Maltese beaches that are hard to reach but well worth the effort

All the beaches of Malta and Gozo are beautiful, but there is something special about those sites that you have to work to get to.

We’ve compiled a short list of hard-to-reach beaches and swimming spots to tick off your summer bucket list. Of course, some may be more difficult than others, but they are all well worth the effort. Happy fishing!

1 – Saint Blaise, Nador (Gozo)

This beach is a convenient headache to get to, even if there is a road that leads into the bay.

It’s a very steep incline, so avoid driving downhill unless you have a 4×4 mammoth.

When you get there, the beach is beautiful, even if most of the sandy parts are washed out. We suggest making some changes, as there is usually a car that can drive you down and up.

2. Kalanka Bay, Marsaxlok

One of the most beautiful hidden salt pools in Malta. Located in the southeastern part of the island and located behind St Peter’s Pool and Xrobb L-Għagin, it is not uncommon for the beach to be quiet even during the usually hectic summer months.

Although it is not impossible to get to it, it is very easy to mix up the methods and end up getting lost accidentally.

Also, keep an eye out for some of the smaller swimming spots along the coast. It might not be the most comfortable, but it’s usually practically empty even on the busiest days.

3. Riviera Bay, Apple’s Eye

Located on the northwest coast of Malta, Ghajn Tuffieha is among the island’s most famous bays. This does not make dealing with it any less difficult.

While it’s not hard to get close to the beach as you can easily drive to the natural fork site that separates the beach from its sister Golden Bay, the problem with the beach is the endless number of stairs you’ll need to overcome.

Sure, getting off is as easy as pie, but after a full day at the beach dragging your tired feet up those steps, a physical nightmare is enough for this beach to earn its own place on this list.

4. Coral Lagoon, Melia

The problem with getting to the Coral Lagoon (also known as the Dragonara Cave) is the fact that it is a very hidden bay. Although you can get close to your car, it is not highly recommended, because bumps will not do justice to your tires.

The trick to getting to this worthwhile lake is to turn left at the camp site sign after heading toward the Church of the Immaculate Conception. This is also your best bet to park your car near the area.

It takes about five minutes of walking to reach the highest point where you should be able to see the Coral Lagoon. Bring your maps with you and get ready to jump into pure bluish green beauty.

Big warning. It is strictly advised to avoid swimming in the lake if the water outside is rough. While it may seem calm at the lake, you may run into serious danger when trying to reach shore.

5. Bay beach, filled with

Malta’s far north hosts some of the island’s most beautiful hidden gems, with nearly every fishtail inlet hosting a gorgeous secluded bay.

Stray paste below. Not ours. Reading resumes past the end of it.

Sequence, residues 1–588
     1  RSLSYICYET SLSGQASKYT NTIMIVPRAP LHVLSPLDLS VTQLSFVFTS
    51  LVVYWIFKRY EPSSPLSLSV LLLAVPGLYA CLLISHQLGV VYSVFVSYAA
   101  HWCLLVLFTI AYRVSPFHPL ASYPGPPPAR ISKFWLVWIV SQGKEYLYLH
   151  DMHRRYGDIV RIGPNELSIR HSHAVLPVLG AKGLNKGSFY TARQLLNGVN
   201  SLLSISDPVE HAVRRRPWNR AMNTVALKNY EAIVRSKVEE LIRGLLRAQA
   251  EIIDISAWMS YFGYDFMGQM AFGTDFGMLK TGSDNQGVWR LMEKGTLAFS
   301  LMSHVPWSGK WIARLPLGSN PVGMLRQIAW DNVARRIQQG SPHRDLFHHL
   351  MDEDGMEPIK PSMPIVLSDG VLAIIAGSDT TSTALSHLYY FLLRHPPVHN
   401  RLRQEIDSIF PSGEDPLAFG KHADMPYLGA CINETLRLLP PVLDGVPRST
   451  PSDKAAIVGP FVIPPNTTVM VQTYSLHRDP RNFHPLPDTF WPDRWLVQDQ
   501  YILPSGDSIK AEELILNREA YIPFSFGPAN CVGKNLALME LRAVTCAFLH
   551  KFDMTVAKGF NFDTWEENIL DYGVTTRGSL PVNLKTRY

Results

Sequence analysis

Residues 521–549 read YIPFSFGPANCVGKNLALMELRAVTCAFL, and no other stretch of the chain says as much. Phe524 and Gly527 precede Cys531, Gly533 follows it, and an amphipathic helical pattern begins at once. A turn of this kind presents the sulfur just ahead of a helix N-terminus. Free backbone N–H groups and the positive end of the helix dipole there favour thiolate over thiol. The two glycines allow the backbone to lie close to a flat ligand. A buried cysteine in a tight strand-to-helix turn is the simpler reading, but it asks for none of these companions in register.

Hidden at the tip of the gorgeous Selmun Valley, Imġiebaħ rewards visitors with a small beach and plenty of coves to visit (beware of nudists).

Scenic views are an integral part of it. The only downside? It’s a very long, narrow, winding downhill ride…or a wilder walk that you won’t forget anytime soon.

6. Mouth of the Wind, Sailor

One of the most secluded, remote and most beautiful bays that Malta has to offer.

The bay itself can be found by taking the first right across the main road at Baħrija (driving from Rabat). Once the road slopes, take another right toward a small parking lot.

There will be a small passage along the ledge leading into the bay. It’s a frightening effort, so be safe and careful.

Unfortunately, the area has been blocked by property owners in the area. There is a separate road near the house, which is a bit safer, but you have to climb a bit and risk being yelled at by your landlord or two.

7. Wadi Al-Ghasry, Gozo

While you may have needed a local’s help to get to this cliffside spot in the past, Google Maps can get you straight to its entrance.

It is located in one of the most beautiful valleys on the islands and is an amazing place that everyone can enjoy.

Simply reach the parking area and go down a narrow ladder. But be warned, it’s not the biggest beach and the best spots can be grabbed when you arrive.

Bonus: Blue Lagoon, Comino (but only when empty)

The main problem in getting to this beach is not the need to take a boat. It’s the constant flow of tourists and visitors that pack every inch of the coast and the waters around the bay.

Activists have taken the mantle of enforcing the rules at the lake and calling for a limit to the number of visitors – and it’s easy to see why.

So how do you visit the Blue Lagoon when it is empty? Going in the off-season which still has great weather (think May, early June, September, and even October) is a must.

During high season, you’ll either need to camp on the island or sleep there with a boat (if you have one, send an invite) and get to the lake before anyone shows up. This means that you will need to be there by at least 7 am. It’s an early start but really worth it.

What hidden beaches do you like to head to? Let us know below!

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